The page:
William Frederick, son of the last city ruler, returned to the Netherlands in 1813 and proclaimed himself sovereign prince of the Netherlands. Two years later, the Congress of Vienna added the southern Netherlands to create a strong country on the northern border with France. William Frederick elevated these united Netherlands to a kingdom and proclaimed himself King William I. In addition, William became hereditary Grand Duke of Luxembourg in exchange for his German possessions. However, the southern Netherlands had been culturally separated from the north since 1581 and rebelled. The south gained independence in 1830 under the name Belgium, while the personal union between Luxembourg and the Netherlands broke up in 1890 when William III died without a surviving male heir. The laws of ascendancy prevented his daughter, Queen Wilhelmina, from becoming the next grand duchess.

The Belgian Revolution at home and the Java War in the Dutch East Indies brought the Netherlands to the brink of bankruptcy. However, the cultivation system was introduced in 1830; in the Dutch East Indies, 20% of village land was to be used for state cultivation for export. This policy brought enormous wealth to the Dutch and made the colony self-sufficient. On the other hand, the colonies in the West Indies (Dutch Guiana and Curaçao and dependencies), were heavily dependent on African slaves, of which the Dutch share is estimated at 5-7%, or more than half a million Africans. The Netherlands abolished slavery in 1863. Moreover, the slaves in Suriname were not completely free until 1873, as the law provided for a compulsory 10-year transition. The Dutch were also one of the last European countries to industrialise in the second half of the 19th century.

World Wars and Beyond (1890-present)

The Netherlands was able to remain neutral during the First World War, partly because the import of goods through the Netherlands was vital for Germany’s survival, until the blockade of the British Royal Navy in 1916. This changed during the Second World War, when Nazi Germany invaded the Netherlands on 10 May 1940. The Rotterdam Blitz forced the main part of the Dutch army to surrender four days later. During the occupation, more than 100,000 Dutch Jews were rounded up and transported to Nazi death camps, few of whom survived. Dutch workers were conscripted into forced labour in Germany, civilians who resisted were killed in retaliation for attacks on German soldiers, and the country was looted for food. Although thousands of Dutch risked their lives to hide Jews from the Germans, more than 20,000 Dutch fascists joined the Waffen-SS and fought on the Eastern Front. Political collaborators were members of the fascist NSB, the only legal political party in the occupied Netherlands. On 8 December 1941, the Dutch government-in-exile in London declared war on Japan, but could not prevent the Japanese occupation of the Dutch East Indies (Indonesia). In 1944-45, the First Canadian Army, which included Canadian, British and Polish troops, was responsible for liberating large parts of the Netherlands. However, shortly after VE Day, the Dutch waged a colonial war against the new Republic of Indonesia.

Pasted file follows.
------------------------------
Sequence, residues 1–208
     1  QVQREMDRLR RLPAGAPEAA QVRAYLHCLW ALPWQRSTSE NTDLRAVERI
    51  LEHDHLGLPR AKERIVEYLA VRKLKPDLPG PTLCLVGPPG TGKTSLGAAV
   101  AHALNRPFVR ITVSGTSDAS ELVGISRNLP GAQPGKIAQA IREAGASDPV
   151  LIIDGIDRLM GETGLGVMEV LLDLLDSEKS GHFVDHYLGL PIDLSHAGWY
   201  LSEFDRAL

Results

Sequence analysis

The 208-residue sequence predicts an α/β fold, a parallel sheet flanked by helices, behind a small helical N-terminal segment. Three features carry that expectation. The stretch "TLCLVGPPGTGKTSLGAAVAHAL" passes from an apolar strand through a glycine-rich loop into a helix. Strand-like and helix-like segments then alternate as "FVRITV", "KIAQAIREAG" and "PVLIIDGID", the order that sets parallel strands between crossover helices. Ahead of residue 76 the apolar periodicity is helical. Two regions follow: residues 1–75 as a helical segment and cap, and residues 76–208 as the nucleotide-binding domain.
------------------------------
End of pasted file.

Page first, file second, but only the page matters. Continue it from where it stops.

In 1954, the Charter of the Kingdom of the Netherlands reformed the political structure of the Netherlands in response to international pressure for decolonisation. The Dutch colonies of Suriname and Curaçao, as well as the dependencies and the European country, all became equal countries within the Kingdom. Indonesia had declared independence in August 1945 (recognised in 1949) and therefore never became part of the reformed Kingdom. Suriname followed in 1975. After the war, the Netherlands also left behind an era of neutrality and established closer relations with neighbouring states. The Netherlands was one of the founding members of the Benelux, NATO, Euratom and the European Coal and Steel Community, which later became the EEC (Common Market) and later the European Union.

Government-sponsored emigration efforts to reduce population density caused around 500,000 Dutch people to leave the country after the war. The 1960s and 1970s were a time of great social and cultural change, such as the rapid ontzuiling (literally: depillarisation), a term used to describe the breakdown of previous divisions along political and religious lines. Young people, especially students, rejected traditional mores and pushed for change in areas such as women’s rights, sexuality, disarmament and environmental issues. On 10 October 2010, the Netherlands Antilles were dissolved. Referendums were held on each island to determine their future status. As a result, the islands of Bonaire, Sint Eustatius and Saba (the BES islands) were to be tied more closely to the Netherlands. This led to these three islands being incorporated into the Netherlands as special municipalities when the Netherlands Antilles was dissolved. The special municipalities are collectively known as the Caribbean Netherlands.